Music review: Dunedin Consort, Queen’s Hall, Edinburgh

Balancing gentle comedy with moments of poignant reflection, this was a wonderfully buoyant, tender account of Handel’s “little opera” Acis and Galatea, writes David Kettle

The Dunedin Consort
The Dunedin Consort

Dunedin Consort: Acis and Galatea, Queen’s Hall, Edinburgh *****

You know how it goes: nymph meets shepherd; nymph loses shepherd when he’s killed by a monster with a massive rock in a fit of jealous rage. In truth, the plot of Handel’s Ovid-inspired Acis and Galatea – a pint-sized piece that he affectionately termed his “little opera”, and which has been staged variously as a masque, an oratorio, a fully acted-out opera, a straight concert and everything in between – is indeed “disarmingly simple”, as Dunedin Consort Artistic Director John Butt diplomatically termed it in his characteristically illuminating programme notes.

And, truth be told, the 16-person Dunedin forces – with soloists doubling as nimble chorus, and a miniature-sized band providing brilliantly vivid musical backdrops – had a lot of fun with some of the work’s more far-fetched eccentricities (as did Handel himself, it has to be said). Christopher Purves and Nicholas Scott made quite a double act as the monster Polyphemus and his hectoring sidekick Corridon, Scott drawing nicely observed comic attention to the verbiage of Handel’s da capo aria form, and Purves purring and growling his way through stand-out aria “O ruddier than the cherry” in a manner that barely kept his lascivious attentions towards Rachel Redmond’s Galatea this side of sexual harassment. In orchestral terms, too, there was surely a mischievous glint in the eye of Oonagh Lee as she chirruped her birdsong way teasingly through “Hush, ye pretty warbling quire” on sopranino recorder to distract our heroine from her lover.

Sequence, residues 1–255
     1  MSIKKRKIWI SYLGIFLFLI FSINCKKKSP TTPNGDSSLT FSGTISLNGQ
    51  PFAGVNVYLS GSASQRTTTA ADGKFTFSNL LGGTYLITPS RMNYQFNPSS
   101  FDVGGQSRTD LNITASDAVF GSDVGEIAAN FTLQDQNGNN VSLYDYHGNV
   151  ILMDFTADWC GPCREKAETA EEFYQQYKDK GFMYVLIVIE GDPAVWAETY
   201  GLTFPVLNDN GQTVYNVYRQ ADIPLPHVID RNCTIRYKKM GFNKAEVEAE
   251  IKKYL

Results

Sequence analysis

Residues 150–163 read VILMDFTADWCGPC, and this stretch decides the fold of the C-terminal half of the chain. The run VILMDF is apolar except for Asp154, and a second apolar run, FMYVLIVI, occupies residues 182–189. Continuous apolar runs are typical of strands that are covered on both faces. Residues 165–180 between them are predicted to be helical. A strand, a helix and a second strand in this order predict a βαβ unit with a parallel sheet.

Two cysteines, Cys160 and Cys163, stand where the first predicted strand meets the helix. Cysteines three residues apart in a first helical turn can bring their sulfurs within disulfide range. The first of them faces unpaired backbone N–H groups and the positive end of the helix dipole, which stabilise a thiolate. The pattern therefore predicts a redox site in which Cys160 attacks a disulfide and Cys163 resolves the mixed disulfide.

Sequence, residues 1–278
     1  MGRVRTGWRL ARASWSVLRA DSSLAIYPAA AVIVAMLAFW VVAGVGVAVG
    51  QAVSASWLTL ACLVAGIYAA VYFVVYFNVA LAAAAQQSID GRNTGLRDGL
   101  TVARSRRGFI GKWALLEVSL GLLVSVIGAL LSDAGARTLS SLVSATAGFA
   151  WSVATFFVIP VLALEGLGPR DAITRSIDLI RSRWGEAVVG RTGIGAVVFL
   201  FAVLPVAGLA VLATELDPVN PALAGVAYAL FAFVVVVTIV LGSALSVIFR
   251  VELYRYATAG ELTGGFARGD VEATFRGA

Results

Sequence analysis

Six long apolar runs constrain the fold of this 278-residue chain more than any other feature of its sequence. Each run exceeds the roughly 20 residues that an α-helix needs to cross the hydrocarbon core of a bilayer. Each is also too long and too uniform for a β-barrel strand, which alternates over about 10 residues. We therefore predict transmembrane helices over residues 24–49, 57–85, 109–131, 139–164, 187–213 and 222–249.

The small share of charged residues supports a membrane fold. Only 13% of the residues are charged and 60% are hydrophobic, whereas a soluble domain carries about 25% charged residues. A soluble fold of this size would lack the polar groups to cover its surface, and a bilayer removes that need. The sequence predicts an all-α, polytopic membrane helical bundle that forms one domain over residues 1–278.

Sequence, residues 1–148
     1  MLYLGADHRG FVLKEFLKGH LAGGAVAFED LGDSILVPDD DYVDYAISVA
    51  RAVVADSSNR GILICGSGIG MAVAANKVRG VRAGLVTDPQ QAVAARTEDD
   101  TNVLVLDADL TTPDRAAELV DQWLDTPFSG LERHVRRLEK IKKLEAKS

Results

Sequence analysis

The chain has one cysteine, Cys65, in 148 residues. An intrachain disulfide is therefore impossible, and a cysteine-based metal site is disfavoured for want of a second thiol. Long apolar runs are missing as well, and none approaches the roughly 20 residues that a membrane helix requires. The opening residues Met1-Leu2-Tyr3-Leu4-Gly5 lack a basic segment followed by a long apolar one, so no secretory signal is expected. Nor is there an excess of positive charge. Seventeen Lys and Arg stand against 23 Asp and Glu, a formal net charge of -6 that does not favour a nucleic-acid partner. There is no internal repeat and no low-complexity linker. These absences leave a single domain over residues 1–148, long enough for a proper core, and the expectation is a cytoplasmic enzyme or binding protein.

But alongside the evident wit and mischief, this was a wonderfully buoyant, tender account, and one full of authentic emotion – from the unforced directness of Redmond’s silvery Galatea to Dunedin Associate Director Nicholas Mulroy’s vulnerable, thoughtful Acis. Held aloft by Butt’s brisk tempos and sharply etched textures, this was an Acis and Galatea that balanced its gentle comedy with a more poignant reflection on the transience of all things, not least love. A bittersweet joy from start to finish.